History at St Christopher’s


Curriculum intent

History at St Christopher’s has been carefully planned to help our children acquire all the skills and knowledge they need to move on to the next stage of their education, in line with our ethos of nurture and living a life of fulfilment. Our children come from a wide variety of backgrounds and our aim is for no child to feel disadvantaged because of their lack of experience or knowledge. The topics covered involve enrichment activities, vocabulary building and regular trips out to places in our local area, to enable the children to develop their understanding of the world they live in.



The topics for each year group are available on the curriculum page of the school website. These have been specifically chosen so that children’s knowledge and skills are progressing through the year groups, ensuring full coverage of the national curriculum.

For example, in year 2 children learn about castles, including a visit to Oxford Castle. The knowledge and skills they acquire in this topic is built upon in year 3 within the topic of the Victorians, where the children learn about the workhouse and the differences between rich and poor. This is then extended in year 5 through the topic of Crime and Punishment, where the children learn about Oxford Castle in its role as a Victorian prison.

As an example of skills progression across the year groups, in year one children learn about toys and look at toys from the past, commenting on what sort of toys they are and how they have changed through time. In year 3, children learn about Victorian toys and make their own toy with moving parts. This skill of examining and inferring from artefacts and sources from the past is further extended in upper Key Stage 2 by examining a variety of source material such as documents, images and media to draw conclusions about the past.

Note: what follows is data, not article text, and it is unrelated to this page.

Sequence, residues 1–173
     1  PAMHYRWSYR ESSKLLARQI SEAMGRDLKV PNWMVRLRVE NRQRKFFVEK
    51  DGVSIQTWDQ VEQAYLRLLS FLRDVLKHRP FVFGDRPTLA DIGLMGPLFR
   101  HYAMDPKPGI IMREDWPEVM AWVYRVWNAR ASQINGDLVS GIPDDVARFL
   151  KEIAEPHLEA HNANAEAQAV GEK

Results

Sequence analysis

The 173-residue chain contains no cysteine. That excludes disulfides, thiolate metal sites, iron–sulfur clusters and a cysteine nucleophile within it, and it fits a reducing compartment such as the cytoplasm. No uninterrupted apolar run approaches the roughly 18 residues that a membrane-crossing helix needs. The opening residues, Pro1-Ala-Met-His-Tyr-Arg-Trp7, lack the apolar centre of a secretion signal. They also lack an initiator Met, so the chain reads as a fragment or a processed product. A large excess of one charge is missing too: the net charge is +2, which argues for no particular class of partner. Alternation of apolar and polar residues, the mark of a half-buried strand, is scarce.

In our books you will see:

  1. Progression
  2. Pupil reflections on learning
  3. Some examples of extended writing
  4. Examples of note taking and time lines


Tracking Attainment and Progress

Progress in history is monitored through marking of children’s books to ensure that they have understood and retained the content of each lesson. Throughout the school, teachers encourage the children to discuss their learning and understanding. These discussions inform teachers’ assessment of the children’s understanding of the topic.

At the start of every topic, children are asked to show their current knowledge in a mind map or similar fashion, including their knowledge of how we learn about the past. At the end of the topic, children revisit this mind map and add to it. Teachers use these mind maps to inform planning of the next history unit. These may be completed as a whole class as well as individually.


How we fulfil our vision:

  • Sharing of good practice
  • Pupil voice
  • Lesson observations
  • Planning and book scrutinies
  • Monitoring carried out termly


Further Information